The US Postal Service Is Working on Self-Driving Mail Trucks

Neither snow nor rain nor heat nor gloom of night stays these couriers from the swift completion of their appointed rounds—and if the United States Postal Service has its way, the robots won’t stop them, either.

Yes, the agency you know best for bringing you junk mail addressed to whomever lived in your apartment before you has caught robofever. It plans to put semiautonomous mail trucks into service in just seven years, and it seems to think it can pull off a shift away from human driving without shedding mail carrier jobs.

That’s all according to the postal service’s Office of the Inspector General, which oversees the agency and last week released a report on its plans to work autonomy into its 228,000-vehicle fleet. Those plans are already in motion: The post office has partnered with the University of Michigan to build what it’s calling an Autonomous Rural Delivery Vehicle, which it wants to launch on 28,000 rural routes nationwide as early as 2025.

In this vision, the postal worker sits behind the wheel but lets the truck do the driving, sorting mail and stuffing letters and packages into mail boxes while rolling down the street. Eliminating the need to constantly park the vehicle, get out, then get back in and get back to driving would yield, the report says, “small but cumulatively significant time savings.”

This being a semiautonomous mail truck, the driver would have to be ready to take over control at all times. In the beginning, researchers say, this will be especially important while navigating from the post office to the beginning of the postal route, and while navigating intersections.

The postal service reasons the experimentation is less risky on rural routes, which have less traffic and fewer pedestrians and cyclists, “and are therefore more forgiving of an imperfect AV model.” It’s exactly the reason vehicle tech developers like Tesla and Cadillac have released semiautonomous features for highway-only driving. With wide, open, well-marked roads, it’s a much less complicated environment for a robot to navigate.

According to the report, Michigan researchers will deliver their first semiautonomous delivery truck prototype in December of this year. If all goes according to plan, the USPS will pilot 10 prototypes on rural routes in 2019, leading up to that full-scale, countrywide rural deployment between 2022 and 2025. The mail people also say they plan to look into city deliveries and building fully driverless vehicles, the kind that don’t need steering wheels or pedals.

You’ve Got Self-Driving Mail

One reason the postal service wants robocars? They could help solve its money problems. The agency lost $ 5.6 billion last year, mostly because Congress demands it shell out prefunded retiree health care benefits. (The idea here is that all employees’ health care will be completely paid for by the time they retire. No other agency operates this way.)

The report’s authors insist they’re not looking to dump human workers, and that AVs can help by trimming other costs. The agency paid about $ 67 million in repair and tort costs associated with vehicle crashes last year. It also shelled out $ 570 million for diesel fuel. If the robots perform as promised, making driving much safer and more efficient, those costs could plummet.

If the USPS sticks with this plan, the jobs of the nation’s 310,000 mail carriers could change, for better or worse. Once the vehicles do all the driving, the humans will be left with the sorting and the intricacies of the delivery process. Unless, of course, a robot can figure out how to do those too. And whatever the report says about protecting jobs, it’s clear that the best way to cut down on employee health care costs is to cut down on employees. The Postal Service says it plans to sit down with unions to discuss the implications of this tech after the University of Michigan delivers its prototype in December. (Those unions, the National Association of Letter Carriers and the National Rural Letter Carriers Association did not immediately respond to a request for comment.)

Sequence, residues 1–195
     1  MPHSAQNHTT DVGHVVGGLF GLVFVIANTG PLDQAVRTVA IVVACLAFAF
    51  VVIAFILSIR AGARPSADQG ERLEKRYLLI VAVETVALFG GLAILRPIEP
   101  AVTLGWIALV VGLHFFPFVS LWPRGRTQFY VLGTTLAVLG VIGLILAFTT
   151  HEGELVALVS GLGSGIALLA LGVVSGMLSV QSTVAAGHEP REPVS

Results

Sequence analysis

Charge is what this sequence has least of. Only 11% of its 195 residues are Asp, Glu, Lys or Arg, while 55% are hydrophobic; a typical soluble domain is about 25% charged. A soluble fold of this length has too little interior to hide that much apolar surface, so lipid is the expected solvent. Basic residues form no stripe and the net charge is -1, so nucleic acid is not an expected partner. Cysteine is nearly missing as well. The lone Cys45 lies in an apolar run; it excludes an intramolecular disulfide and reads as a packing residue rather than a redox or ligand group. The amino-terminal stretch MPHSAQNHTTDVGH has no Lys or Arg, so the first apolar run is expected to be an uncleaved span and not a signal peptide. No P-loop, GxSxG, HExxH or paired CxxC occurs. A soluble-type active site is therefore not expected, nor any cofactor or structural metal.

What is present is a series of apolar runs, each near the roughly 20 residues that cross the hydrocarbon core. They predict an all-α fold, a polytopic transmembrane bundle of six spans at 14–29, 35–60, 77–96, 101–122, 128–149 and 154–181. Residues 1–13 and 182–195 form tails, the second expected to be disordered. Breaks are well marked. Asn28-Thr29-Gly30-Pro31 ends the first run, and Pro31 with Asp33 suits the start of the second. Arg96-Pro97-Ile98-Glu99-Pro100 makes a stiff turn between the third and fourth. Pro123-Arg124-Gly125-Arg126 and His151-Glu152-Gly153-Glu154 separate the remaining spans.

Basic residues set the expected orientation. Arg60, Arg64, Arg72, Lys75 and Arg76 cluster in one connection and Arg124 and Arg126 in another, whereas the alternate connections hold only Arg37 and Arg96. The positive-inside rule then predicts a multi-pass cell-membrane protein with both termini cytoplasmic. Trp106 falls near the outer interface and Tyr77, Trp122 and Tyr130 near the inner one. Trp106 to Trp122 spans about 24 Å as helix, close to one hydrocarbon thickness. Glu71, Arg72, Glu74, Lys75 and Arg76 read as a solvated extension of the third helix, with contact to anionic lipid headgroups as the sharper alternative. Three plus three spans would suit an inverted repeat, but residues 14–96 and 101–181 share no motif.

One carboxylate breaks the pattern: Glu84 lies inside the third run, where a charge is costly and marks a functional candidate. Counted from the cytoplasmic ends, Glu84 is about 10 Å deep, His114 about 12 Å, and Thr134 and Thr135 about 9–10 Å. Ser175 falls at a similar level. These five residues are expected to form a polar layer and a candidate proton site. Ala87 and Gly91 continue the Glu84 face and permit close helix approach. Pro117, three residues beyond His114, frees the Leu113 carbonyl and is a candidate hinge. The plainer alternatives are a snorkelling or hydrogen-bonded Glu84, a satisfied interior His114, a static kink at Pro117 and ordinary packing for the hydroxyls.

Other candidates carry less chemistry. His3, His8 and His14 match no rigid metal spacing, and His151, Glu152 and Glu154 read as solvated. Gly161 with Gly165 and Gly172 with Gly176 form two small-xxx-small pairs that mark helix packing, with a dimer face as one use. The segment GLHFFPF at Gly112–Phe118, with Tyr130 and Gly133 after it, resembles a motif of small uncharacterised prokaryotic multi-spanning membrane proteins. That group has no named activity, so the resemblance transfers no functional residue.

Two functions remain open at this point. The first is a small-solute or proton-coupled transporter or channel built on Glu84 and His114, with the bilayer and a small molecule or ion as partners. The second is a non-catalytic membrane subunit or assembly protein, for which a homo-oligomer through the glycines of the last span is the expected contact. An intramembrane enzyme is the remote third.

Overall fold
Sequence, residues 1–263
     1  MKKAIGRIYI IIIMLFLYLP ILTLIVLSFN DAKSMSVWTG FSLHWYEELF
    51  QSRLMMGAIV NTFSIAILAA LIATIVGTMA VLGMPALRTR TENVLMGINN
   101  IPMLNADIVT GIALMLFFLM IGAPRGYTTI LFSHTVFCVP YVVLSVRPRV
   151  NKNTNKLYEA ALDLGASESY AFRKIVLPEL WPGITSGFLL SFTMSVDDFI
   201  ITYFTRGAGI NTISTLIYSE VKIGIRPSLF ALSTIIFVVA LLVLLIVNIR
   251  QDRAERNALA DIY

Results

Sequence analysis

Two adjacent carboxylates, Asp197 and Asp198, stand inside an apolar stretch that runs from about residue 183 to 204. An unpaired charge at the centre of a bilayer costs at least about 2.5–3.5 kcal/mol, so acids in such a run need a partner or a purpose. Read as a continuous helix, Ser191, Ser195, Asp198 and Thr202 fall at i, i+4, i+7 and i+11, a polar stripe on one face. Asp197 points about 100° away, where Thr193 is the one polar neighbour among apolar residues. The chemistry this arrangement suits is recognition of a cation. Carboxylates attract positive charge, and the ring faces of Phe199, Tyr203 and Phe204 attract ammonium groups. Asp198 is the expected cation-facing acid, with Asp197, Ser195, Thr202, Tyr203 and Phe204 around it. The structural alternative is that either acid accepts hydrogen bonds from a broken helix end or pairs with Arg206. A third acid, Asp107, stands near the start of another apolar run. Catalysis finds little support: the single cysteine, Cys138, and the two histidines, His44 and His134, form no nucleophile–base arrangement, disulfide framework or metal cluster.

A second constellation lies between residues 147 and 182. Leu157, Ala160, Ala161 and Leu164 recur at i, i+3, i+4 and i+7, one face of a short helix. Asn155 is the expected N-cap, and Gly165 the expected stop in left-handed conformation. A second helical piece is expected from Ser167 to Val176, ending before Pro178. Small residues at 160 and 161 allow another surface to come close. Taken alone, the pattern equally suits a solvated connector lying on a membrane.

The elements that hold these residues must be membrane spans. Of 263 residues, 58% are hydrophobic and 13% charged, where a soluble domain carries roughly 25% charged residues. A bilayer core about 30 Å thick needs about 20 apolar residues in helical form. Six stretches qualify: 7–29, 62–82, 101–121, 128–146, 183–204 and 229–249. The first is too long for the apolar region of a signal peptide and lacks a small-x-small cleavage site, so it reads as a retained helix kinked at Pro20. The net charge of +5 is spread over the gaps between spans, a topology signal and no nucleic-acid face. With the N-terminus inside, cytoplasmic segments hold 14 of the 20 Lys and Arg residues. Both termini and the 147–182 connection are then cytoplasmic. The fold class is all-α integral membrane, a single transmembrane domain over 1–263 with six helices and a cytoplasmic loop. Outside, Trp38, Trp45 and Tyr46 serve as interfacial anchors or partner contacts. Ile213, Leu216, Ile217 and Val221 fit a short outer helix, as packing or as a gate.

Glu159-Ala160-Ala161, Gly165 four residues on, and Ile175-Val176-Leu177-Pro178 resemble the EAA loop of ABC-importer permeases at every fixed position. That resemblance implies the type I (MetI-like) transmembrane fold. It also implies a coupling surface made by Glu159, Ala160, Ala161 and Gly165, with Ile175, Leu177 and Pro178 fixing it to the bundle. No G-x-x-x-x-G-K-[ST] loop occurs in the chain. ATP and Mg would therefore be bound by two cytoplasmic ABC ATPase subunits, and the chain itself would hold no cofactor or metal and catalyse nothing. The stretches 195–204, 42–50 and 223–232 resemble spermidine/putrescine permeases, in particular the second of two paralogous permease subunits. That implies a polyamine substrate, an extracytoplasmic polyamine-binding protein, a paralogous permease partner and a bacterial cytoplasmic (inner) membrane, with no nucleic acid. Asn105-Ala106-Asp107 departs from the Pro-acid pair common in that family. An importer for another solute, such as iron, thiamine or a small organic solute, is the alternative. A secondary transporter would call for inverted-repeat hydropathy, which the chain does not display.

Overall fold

But maybe the best reason for USPS to experiment with autonomous vehicles is to keep up with the Joneses. FedEx is investing in small autonomous vehicles that could make deliveries without the aid of human drivers. Amazon has an entire team dedicated to researching how autonomous vehicles (and drones) could transport its goods directly to customers. Google holds patents on unmanned truck delivery. DHL has posited driverless vehicles could be endlessly useful in warehousing operations, last-mile deliveries, and logistics operations. UPS has a test truck that shoots drones.

Which gets us back to one final idea floated by the USPS Office of the Inspector General in the report. Mail carriers drive the same exact routes almost every day. If the service kits out its vans with the right sorts of sensors, those vans could build and constantly update the incredibly detailed 3-D maps that help self-driving cars navigate—for a price, of course. Yeah, other startups and companies have been built expressly to collect and mine mapping data—but don’t count out the letter carriers. If rain and hail can’t stop them, why should the future?

Tech

Alphabet’s Project to Restore Wireless Service in Puerto Rico With Balloons Gets FCC Approval

Project Loon has already proven its real-world usefulness once this year.

The FCC has approved an experimental license for Alphabet, Inc’s Project Loon to attempt to restore wireless service to storm-ravaged Puerto Rico using its high-altitude balloons, according to FCC Chief of Staff Matthew Berry.

Though the Loon technology is not entirely proven, it could help speed the restoration of vital communications as the U.S. territory works to recover from the devastation of Hurricane Maria.

It could also help prove the business case for Loon, one of the experimental “moonshots” debuted as part of Google, and now housed under Alphabet subsidiary X.

More than 80% of Puerto Rico’s cellular towers are still out of service more than two weeks after the arrival there of Hurricane Maria, and nearly one-third of the island’s counties have no service, according to the FCC. Rebuilding conventional cell towers will be “a long road,” T-Mobile told CNN, thanks to challenges including not just the cost of construction, but, according to some wireless companies, theft and crime against their operations.